You’re not the only person that should get fired, sometimes. If you want to actually build up a consulting or a freelancing career, you’re not going to have the best clients in the beginning. Take it from me, you’ll have pretty bad clients. At least I did. I had to learn a lot about how to get the clients that I actually wanted.
Through that process, it’s easy to get stuck in a rut of you get some clients and you just work for them. As long as they’ll have you, that doesn’t give you the opportunity to grow or expand the quality of the client that you can work for. I think paying attention to that and actually having some targets of who you want to be working for or helping in the future is a good goal to have.
I love that advice. I also fired quite a few bad clients when I was freelancing. You get a lot of bad clients. It’s really easy to get bad clients, but I ended up, in the end, working, primarily, with high gross start-ups that were very well funded that weren’t worried about their budgets and that were working on pretty cool stuff and that was what really worked for me.
That’s a great audience to serve as a consultant.
Let’s talk about the earliest days of Honeybadger, post- you guys going full-time on this. Was there a certain point in time where you all three decided, “Okay, this is real. Let’s all go full-time” or did you transition out of your freelance jobs at different times?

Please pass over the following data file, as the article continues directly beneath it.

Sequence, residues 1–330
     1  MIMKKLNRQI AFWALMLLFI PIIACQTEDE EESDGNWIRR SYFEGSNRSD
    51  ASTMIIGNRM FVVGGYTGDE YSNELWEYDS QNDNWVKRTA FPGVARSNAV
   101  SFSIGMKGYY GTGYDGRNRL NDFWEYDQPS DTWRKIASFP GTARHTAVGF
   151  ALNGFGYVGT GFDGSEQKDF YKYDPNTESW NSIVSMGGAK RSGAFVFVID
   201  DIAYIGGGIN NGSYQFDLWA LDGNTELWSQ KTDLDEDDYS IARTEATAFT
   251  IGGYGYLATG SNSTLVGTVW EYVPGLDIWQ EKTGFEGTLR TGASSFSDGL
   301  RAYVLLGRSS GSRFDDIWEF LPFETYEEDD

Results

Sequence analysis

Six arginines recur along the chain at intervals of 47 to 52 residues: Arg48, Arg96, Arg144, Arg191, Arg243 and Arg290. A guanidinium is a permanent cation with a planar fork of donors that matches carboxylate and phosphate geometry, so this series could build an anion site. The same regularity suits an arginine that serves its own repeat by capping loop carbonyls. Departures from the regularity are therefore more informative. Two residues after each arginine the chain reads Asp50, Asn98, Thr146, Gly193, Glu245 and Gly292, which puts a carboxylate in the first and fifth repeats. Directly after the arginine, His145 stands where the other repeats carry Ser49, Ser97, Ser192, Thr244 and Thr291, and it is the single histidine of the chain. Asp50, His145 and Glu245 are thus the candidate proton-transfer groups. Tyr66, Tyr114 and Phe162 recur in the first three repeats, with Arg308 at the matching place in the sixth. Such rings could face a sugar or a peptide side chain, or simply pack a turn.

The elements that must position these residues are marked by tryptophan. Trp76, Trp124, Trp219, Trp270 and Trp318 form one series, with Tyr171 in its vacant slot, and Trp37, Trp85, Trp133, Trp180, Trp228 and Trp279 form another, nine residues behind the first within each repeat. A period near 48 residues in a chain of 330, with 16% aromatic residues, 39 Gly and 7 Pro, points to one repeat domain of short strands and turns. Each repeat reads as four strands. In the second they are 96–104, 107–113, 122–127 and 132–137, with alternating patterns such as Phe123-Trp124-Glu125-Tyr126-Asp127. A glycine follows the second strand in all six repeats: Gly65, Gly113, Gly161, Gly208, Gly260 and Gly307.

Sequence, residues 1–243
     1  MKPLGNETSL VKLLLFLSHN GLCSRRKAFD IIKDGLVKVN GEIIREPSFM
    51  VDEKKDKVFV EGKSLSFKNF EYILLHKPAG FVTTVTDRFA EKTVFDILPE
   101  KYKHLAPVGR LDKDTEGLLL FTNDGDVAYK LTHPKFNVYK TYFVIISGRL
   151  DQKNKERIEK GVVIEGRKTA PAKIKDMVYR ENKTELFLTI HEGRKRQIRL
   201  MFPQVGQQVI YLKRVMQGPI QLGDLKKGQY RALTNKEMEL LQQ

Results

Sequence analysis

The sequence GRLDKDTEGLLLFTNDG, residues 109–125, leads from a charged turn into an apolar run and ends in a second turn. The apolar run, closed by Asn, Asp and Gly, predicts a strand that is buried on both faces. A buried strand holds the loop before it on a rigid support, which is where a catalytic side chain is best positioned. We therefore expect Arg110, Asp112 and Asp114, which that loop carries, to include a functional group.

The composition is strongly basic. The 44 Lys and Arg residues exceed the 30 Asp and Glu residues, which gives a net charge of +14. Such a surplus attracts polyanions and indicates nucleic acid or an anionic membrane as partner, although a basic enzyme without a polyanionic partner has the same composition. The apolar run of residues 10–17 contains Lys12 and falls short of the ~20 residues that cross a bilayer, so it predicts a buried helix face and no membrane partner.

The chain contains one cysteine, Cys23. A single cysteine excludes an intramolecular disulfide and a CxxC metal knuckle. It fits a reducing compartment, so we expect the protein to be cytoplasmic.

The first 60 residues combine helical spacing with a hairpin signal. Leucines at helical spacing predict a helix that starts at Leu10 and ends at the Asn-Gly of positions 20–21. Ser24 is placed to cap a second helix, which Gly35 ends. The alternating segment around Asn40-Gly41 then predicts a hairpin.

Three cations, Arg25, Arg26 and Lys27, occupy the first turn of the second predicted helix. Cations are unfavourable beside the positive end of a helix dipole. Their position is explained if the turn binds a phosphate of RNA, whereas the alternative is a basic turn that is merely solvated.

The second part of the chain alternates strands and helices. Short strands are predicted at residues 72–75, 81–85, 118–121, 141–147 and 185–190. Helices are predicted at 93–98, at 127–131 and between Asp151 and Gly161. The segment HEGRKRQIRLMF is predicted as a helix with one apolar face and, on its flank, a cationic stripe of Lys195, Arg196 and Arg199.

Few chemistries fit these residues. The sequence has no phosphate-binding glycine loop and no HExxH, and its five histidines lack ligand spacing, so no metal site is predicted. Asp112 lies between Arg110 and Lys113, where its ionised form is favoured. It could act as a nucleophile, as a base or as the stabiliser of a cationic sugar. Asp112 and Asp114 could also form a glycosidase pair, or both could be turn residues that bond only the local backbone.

It was around the same time. It was at the same time not necessarily because we were all in the same place but because we all waited for each other to get to the point where it was all comfortable for us. We were not all in the same places in our lives, at the time. I will say, especially for Starr and myself and even going back to the whole working nights and weekends thing, even as a freelancer, we did not have kids.
I just want to qualify that it would have been much harder with kids and I know it’s possible, but it would have been more challenging. As we went through that bootstrapping, cutting down on the freelance work as the income from the business came in, we all had targets, that we had discussed, of what is a reasonable full-time salary for us that can replace our current income.
Ben has a couple kids and they’re a lot older and he’s got a family. He can’t just take a huge pay cut. Basically, we didn’t want to take much of a pay cut from what we were currently making. We did the gradual process and it took us, like I said, a couple years to, ultimately, get there. When we did finally say, “Okay, we’re going to start cutting the clients and just go full-time on this,” it was around the same time for all of us.
Were there any early decisions you guys made that if you could go back, you would do it differently? There’s so many decisions that you have to make to get a business out the door. There’s the name, which, obviously, you love and I love, as well. There is your pricing and your business model or the types of customers you’re selling to. There’s your marketing copy and the way you describe yourselves. How much of that has changed?
The way we describe ourselves, we’ve refined it over the years. I don’t know if it’s changed dramatically. Maybe it has if I go back and look at our initial sales page or something. I’m sure it’s pretty different.